French people greet each other by doing la bise: greeting each other with a kiss on each cheek. This greeting applies to two girls greeting each other, a guy and a girl, and occasionally two guys will greet each other this way if they are good friends or family. If you are meeting a large group of French people for the first time, you will be expected to do la bise with every single one! If French people come across as distant and cold when first meeting them, don’t take it personally. It takes a while for the French to warm up to strangers, but once you have been invited into their homes, you will have made a friend for life. Also, never show up early when invited to a French person’s house. It is considered rude to show up on time—arrive about fifteen to twenty minutes late.
Always address people who are not friends or family by the formal “Vous.” Friends and close acquaintances are addressed by informal “tu.”
When entering a store, always greet the employee with a “Bonjour.” When you leave, don’t forget to say “Au revoir.” Avoid wearing sweatpants and leggings in public unless you are going for a run. French people dress with style over comfort in mind, so definitely no wearing your pajamas while running out to buy the newspaper!
Try not to ask, “Do you speak English?” in English. You expect foreign tourists visiting the United States to know a few basic phrases in English, right? The French expect the same of tourists knowing a few basic phrases of French when visiting France.
Health and Safety in France:
France is a relatively safe country, but the usual rules apply when traveling to any foreign place: use good judgment and err on the side of caution. Pick-pocketing and residential break-ins are the two most common crimes directed against foreign visitors. Be extra vigilant in heavily frequented tourist sites such as museums, train stations, the subway, and national monuments. Never leave your belongings unattended. Women should especially be careful when walking alone at night—try to walk with a friend if possible. Women should also avoid prolonged eye contact and smiling at men they do not know in the street or public transportation. Men in France tend to take this as a sign of interest and use it as an excuse to approach you, which may lead to an uncomfortable situation. For more detailed information about health and safety in France, you can consult the U.S. Department of State's website.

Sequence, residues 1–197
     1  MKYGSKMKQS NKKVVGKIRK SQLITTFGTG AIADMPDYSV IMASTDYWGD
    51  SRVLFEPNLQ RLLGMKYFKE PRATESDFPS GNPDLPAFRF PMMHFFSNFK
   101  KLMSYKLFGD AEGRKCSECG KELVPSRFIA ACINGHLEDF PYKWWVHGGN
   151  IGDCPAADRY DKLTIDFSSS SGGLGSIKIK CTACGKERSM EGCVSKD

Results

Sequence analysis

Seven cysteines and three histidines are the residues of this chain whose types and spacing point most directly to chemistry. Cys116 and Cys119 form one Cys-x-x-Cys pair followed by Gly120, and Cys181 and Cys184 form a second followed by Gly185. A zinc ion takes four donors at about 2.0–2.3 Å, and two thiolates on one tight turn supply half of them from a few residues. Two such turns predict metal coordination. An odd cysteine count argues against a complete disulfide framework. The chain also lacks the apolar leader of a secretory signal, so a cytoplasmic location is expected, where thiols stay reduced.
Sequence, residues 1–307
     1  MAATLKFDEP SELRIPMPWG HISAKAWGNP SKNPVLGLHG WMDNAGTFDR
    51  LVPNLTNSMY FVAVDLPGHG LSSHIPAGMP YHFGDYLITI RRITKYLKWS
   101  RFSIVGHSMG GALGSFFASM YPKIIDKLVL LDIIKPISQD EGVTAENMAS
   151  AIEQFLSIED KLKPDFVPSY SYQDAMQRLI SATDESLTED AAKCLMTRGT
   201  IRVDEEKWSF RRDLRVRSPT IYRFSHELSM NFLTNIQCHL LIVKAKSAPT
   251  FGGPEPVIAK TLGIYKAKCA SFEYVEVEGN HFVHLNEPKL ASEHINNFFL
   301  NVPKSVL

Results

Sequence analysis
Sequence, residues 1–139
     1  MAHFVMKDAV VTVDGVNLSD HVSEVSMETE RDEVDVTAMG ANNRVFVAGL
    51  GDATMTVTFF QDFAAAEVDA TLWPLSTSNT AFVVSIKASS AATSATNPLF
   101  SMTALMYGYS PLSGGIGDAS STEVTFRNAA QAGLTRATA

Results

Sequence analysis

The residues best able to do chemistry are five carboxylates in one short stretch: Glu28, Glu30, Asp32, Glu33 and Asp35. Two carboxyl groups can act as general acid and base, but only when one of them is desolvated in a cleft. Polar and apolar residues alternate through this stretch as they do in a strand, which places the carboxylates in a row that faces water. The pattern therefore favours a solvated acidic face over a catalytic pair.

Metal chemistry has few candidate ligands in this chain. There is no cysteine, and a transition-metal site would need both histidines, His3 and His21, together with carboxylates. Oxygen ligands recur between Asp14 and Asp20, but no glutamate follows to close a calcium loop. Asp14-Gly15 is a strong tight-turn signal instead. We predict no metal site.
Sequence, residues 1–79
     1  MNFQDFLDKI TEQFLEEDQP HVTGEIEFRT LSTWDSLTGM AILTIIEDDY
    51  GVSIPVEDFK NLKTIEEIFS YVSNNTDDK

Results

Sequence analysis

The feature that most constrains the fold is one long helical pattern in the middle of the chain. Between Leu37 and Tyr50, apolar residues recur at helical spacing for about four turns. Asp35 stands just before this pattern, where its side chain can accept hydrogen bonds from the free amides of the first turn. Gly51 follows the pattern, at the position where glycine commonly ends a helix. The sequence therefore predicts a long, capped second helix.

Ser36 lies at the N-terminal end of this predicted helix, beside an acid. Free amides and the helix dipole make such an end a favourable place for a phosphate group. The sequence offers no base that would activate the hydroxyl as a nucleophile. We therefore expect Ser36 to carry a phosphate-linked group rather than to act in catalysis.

Why Take a Gap Year in France?
France ranks consistently as the most visited country in the world and for a good reason. Unsurpassed opportunities to eat first-rate cuisine for foodies, unparalleled art exhibitions for museum lovers, diverse topography permits sports enthusiasts to challenge their limits, and quintessential European cafés for those that like to sit and people watch. France has something to offer for everyone—no wonder it is the most visited country!
Contributed by Amélie Milet
Gap Year Programs in France
How much do au pairs make in France?
The stipend au pairs are paid in France will vary, but you can expect to receive between 280 and 500 euros per month.
How do I get an au pair visa for France?
As of 2019, France changed their visa process for au pairs. Prior to 2019, au pairs applied under the student visa umbrella, but now they have their own designation: Jeune Au Pair. If you plan on staying for fewer than 90 days you will not need a visa. Otherwise, you'll need to make an appointment at a French consulate to apply for the au pair visa.
What are the most popular gap year programs in France?
Popular gap year programs in France include studying art history, taking culinary courses, and adventurous activities like becoming a ski instructor or learning to surf. Additionally, France is a popular place for au pairs to spend time abroad and learn about French culture while living with a family.
What much does it cost to take a gap year in France?
France has a relatively high cost of living, especially in cities like Paris and Nice. Fortunately, there are work exchange and au pair opportunities to lower the price of a gap year for those on a tight budget. The total cost of a gap year in France will depend on the program and activities you do during the gap experience.